- Laurentian University, Laurentian University Library – Sudbury, ON (September 30 – October 4)
- Truth and Reconciliation Commission national event – Vancouver, BC (September 18-21)
- Canadian Teachers Federation – Ottawa, ON (July 8-9, 2013)
- Red Deer College, Red Deer, AB (June 5-9, 2013)
- United Way of Winnipeg, Winnipeg, MB (June 3-7, 2013)
- Truth and Reconciliation Commission National Event – Montreal, QC (April 24-27, 2013)
- Nipissing University – North Bay, ON (April 2013)
- University of Alberta – Edmonton, AB (March 2013)
- Rocky View Schools – Airdire, AB (Feb 2013)
- Parliament Hill – Ottawa, ON (November 2012)
- Moose Jaw Museum and Art Gallery – Moose Jaw, SK (October – November 2012)
- Brandon Friendship Centre – Brandon, MB (October 24-25, 2012)
- Hull Child and Family Services – Calgary, AB (October 11-12, 2012)
- Atlantic Regional Residential School Commemoration Event – Dartmouth, NS (Sept 12 – 14, 2012)
- Shingwauk Residential School Centre – Sault Ste Marie, ON (August 3 – 6, 2012)
- Truth and Reconciliation Commission National Event – Saskatoon, SK (June 2012)
- Association for Native Development in the Performing and Visual Arts (exhibition displayed at Toronto City Hall) – Toronto, ON (June 2012)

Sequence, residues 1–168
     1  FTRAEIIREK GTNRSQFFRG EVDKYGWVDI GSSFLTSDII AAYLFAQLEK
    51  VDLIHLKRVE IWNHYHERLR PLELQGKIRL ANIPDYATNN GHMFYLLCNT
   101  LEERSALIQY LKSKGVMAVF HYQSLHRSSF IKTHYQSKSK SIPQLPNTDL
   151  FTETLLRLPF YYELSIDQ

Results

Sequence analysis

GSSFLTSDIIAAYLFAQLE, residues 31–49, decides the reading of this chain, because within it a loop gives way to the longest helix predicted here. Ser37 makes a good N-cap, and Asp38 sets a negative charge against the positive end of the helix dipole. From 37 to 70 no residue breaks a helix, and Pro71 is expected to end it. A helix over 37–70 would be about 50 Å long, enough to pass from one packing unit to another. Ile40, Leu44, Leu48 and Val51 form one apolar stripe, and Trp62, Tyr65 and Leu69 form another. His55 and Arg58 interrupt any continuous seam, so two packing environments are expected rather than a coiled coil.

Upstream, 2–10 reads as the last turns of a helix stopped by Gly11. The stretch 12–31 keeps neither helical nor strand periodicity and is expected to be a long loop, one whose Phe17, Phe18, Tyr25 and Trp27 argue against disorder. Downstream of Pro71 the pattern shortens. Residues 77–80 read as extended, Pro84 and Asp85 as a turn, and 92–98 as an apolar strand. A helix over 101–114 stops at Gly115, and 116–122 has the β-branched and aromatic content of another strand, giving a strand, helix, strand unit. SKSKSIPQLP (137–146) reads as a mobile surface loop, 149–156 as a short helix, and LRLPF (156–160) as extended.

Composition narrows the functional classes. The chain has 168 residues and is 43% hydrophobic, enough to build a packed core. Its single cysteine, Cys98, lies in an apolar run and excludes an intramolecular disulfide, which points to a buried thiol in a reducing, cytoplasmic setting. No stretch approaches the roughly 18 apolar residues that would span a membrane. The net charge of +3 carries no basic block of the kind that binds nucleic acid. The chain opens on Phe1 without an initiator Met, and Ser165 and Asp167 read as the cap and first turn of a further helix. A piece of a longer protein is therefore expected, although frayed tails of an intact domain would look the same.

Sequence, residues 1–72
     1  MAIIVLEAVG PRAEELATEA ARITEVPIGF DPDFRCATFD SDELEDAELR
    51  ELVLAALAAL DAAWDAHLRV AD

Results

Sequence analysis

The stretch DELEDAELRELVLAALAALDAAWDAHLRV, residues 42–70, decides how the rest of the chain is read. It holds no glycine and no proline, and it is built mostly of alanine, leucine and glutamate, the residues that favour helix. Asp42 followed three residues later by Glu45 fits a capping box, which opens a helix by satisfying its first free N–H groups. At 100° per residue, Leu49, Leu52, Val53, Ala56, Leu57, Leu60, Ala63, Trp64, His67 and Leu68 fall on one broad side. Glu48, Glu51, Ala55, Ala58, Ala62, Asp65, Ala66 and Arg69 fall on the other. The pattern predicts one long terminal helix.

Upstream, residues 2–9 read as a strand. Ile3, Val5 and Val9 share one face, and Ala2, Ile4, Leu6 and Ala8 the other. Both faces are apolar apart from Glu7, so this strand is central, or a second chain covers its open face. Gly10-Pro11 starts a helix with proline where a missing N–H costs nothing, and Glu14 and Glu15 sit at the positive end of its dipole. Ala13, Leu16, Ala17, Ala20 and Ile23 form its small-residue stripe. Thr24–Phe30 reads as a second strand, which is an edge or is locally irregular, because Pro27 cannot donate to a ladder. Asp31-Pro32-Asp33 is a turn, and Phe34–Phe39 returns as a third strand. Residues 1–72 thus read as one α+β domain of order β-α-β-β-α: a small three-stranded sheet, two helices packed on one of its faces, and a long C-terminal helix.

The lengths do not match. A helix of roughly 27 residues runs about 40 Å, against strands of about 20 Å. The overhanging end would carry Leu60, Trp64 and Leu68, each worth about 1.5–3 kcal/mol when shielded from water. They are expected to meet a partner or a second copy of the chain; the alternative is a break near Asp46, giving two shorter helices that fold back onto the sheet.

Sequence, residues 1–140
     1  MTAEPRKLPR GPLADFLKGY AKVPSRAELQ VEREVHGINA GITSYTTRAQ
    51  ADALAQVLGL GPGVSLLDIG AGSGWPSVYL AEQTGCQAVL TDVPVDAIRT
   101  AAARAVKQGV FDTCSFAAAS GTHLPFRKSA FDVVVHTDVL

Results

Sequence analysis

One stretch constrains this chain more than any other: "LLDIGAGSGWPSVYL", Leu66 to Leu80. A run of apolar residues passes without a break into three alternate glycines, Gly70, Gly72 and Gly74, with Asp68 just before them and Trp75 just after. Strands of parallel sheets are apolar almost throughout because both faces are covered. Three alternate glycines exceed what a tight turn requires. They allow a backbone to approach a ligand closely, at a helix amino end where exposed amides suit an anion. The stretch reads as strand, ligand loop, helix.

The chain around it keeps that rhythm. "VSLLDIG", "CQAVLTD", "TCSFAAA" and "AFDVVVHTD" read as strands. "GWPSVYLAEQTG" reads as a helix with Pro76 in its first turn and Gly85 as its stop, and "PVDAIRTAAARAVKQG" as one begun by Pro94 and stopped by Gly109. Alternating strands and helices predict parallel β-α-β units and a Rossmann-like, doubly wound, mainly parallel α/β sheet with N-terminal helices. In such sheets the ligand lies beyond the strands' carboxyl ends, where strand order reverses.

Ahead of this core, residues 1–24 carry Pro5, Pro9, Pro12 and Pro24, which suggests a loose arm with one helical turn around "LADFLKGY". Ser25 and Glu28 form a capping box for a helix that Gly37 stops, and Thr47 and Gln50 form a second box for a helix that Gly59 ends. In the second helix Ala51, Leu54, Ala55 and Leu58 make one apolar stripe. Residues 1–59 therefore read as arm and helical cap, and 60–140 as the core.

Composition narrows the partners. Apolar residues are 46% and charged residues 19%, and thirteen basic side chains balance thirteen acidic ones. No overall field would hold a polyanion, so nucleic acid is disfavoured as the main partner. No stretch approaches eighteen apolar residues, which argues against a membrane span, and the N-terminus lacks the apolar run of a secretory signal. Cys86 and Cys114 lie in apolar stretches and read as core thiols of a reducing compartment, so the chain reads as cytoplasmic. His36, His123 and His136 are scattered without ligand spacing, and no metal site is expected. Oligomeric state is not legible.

- University of Western Ontario – London, ON (June 2012)
- Mi’kmaq/Maliseet Healing Networking Centre, Mawiw Council of First Nations – Elsipogtog, Miramichi, Fredericton, NB (May – June 2012)
- Truth and Reconciliation Commission Regional Event – Victoria, BC (April 2012)
- Journey of Heroes Conference – Abbotsford, BC (March 2012)
- University of Alberta – Edmonton, AB (March 2012)
- University of Manitoba – Winnipeg, MB (February – February 2012)
- Truth and Reconciliation Commission National Event – Halifax, NS (October 2011)
- Algoma University – Sault Ste Marie, ON (July 2011) atarax without prescription